According to Larson, DPS has been doing implicit bias training for several years. As an example, all DPS personnel completed 16 hours of Intercultural Competency training prior to March’s shelter-in-place order.
“This is just one of several different courses of instruction on the topic of implicit bias that DPS personnel have attended,” he wrote.
Despite the risk of public gatherings during COVID-19, one attendee felt it necessary to join her community in advocating for the demands of her peers.
“The work I do doesn’t really work until the racist systems that are being held up by Stanford are abolished, so this has become more of a priority than anything else I’ve been doing,” she said. “I look forward to the alternatives, and I definitely hope there is less racial profiling, less violence. Hopefully, [if police were removed from campus], the future of Stanford is less racist.”
This article has been updated to clarify that the proposed Stanford Basic Needs Coalition will work to aid both students and community members.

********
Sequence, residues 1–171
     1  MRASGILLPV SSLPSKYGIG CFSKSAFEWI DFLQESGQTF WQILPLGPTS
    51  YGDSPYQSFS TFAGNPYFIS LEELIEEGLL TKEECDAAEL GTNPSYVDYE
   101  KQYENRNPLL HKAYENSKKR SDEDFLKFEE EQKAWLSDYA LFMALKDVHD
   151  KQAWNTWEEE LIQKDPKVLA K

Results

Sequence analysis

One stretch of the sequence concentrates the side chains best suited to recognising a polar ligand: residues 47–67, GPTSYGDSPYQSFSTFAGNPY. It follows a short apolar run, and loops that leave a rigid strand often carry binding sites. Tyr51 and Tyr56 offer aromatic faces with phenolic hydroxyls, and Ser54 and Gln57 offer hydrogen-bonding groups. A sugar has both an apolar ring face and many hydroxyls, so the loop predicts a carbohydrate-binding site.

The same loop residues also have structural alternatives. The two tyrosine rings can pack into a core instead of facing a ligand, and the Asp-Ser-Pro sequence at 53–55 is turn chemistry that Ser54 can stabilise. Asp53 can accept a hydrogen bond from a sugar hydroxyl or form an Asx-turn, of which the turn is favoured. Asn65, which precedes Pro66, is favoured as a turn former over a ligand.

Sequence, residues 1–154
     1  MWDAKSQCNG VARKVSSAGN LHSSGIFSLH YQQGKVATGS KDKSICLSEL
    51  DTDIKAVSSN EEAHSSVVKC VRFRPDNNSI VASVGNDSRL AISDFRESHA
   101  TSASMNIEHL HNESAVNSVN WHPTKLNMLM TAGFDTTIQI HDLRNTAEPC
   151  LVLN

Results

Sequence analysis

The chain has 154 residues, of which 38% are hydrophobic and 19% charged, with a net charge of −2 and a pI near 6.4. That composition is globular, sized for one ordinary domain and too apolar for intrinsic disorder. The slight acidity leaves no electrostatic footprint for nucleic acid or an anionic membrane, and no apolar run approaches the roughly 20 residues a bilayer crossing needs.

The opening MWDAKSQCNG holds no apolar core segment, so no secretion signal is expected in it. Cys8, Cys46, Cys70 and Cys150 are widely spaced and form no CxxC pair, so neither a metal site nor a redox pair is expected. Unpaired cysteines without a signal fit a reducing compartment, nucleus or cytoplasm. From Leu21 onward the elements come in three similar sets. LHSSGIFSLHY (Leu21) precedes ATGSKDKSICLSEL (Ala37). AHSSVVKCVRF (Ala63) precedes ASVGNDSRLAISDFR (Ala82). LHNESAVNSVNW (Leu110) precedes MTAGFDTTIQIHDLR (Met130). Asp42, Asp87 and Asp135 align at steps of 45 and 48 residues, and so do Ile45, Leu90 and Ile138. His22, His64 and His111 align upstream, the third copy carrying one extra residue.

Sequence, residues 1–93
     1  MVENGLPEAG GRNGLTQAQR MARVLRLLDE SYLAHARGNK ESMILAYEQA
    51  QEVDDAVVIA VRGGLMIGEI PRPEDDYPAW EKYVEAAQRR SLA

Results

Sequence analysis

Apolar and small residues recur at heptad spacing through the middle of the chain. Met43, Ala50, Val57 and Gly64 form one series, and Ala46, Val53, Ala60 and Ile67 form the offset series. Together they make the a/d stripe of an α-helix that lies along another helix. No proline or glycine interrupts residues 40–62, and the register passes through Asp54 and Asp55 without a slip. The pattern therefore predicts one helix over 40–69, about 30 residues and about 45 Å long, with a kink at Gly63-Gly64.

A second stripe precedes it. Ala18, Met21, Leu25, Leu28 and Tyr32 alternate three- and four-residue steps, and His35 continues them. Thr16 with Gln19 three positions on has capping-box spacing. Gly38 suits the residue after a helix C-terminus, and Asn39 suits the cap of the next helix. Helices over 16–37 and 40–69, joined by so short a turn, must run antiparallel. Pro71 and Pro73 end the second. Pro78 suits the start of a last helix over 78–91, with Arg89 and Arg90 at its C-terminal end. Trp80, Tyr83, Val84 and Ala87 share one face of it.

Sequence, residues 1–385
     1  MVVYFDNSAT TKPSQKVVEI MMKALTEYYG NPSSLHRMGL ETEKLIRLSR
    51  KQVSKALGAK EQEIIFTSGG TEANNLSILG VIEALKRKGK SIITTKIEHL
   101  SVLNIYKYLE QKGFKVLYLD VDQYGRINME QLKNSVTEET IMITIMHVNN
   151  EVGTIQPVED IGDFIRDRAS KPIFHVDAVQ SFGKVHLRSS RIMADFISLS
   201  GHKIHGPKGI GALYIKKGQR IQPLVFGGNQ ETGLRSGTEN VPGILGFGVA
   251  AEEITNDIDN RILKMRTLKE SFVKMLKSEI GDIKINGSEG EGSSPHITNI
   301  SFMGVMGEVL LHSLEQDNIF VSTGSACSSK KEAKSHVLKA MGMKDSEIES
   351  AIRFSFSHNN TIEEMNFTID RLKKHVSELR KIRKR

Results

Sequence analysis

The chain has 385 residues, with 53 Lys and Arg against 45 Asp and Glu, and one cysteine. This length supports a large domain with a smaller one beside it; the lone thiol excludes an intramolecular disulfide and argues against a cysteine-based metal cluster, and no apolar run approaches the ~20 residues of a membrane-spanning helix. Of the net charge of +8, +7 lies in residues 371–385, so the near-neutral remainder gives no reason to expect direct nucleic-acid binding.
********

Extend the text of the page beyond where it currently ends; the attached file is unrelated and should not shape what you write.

A previous version of this article misquoted statements from Stanford Mutual Aid; “We act in solidarity with the work that Stanford is doing” has been changed to “We act in solidarity with the work that Abolish Stanford is doing.” Stanford Mutual Aid “works to meet the unmet needs of students and their families through providing monetary needs” has been changed to “works to meet the unmet needs of students and their families through providing monetary support.” The Daily regrets these errors.
Contact Alysa Suleiman at 22alysas ‘at’ students.harker.org